42. How visible is a CO2 storage facility?

Since CO2 storage occurs deep underground, there is very little visible presence of a storage project on the surface. The pipe carrying the CO2 will normally be buried, and the only likely visual evidence of the site will be the injection well(s). While CO2 enhanced oil recovery operations will have many injection and producing wells, a storage project that is injecting CO2 only into a deep saline formation, one or two injection wells are likely to be the only visible sign of the storage operation.

At the Weyburn oilfield, the presence of production wells (pumpjacks) is a common sight in the rural fields. The addition of CO2 injection wells did not significantly change the landscape. Well sites are attractively maintained, and the injection wells are covered in beige fibreglass coverings to protect them from the elements and to help them to blend into the surroundings (see Figure 31). Pipelines are buried to a depth that allows for planting of crops and the grazing of livestock.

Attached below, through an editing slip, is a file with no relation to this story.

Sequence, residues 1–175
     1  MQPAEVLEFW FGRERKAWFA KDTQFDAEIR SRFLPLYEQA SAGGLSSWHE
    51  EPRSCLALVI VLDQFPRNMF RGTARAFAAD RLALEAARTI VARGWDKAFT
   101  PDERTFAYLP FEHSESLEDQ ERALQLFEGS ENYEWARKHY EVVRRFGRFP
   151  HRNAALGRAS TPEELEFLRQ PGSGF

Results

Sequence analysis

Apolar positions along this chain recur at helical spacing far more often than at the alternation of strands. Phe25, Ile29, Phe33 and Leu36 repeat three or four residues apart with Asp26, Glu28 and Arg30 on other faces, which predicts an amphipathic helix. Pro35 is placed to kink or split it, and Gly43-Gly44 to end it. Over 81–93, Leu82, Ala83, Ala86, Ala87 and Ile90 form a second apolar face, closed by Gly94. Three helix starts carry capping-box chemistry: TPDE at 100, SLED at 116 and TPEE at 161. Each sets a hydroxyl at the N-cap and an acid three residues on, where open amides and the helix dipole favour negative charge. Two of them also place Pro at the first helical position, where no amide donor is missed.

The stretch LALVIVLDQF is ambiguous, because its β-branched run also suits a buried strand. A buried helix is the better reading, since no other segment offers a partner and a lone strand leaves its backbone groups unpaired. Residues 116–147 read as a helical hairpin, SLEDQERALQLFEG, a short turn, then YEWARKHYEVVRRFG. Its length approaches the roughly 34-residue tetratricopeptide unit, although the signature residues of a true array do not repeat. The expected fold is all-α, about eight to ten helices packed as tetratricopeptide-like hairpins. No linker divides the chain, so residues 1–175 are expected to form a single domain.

Figure 31. A pumpjack (production well) on the right, and CO2 injection well, on the left (protected by a beige fibreglass covering) rest in a canola field in the Weyburn area. (Photograph courtesy of PTRC)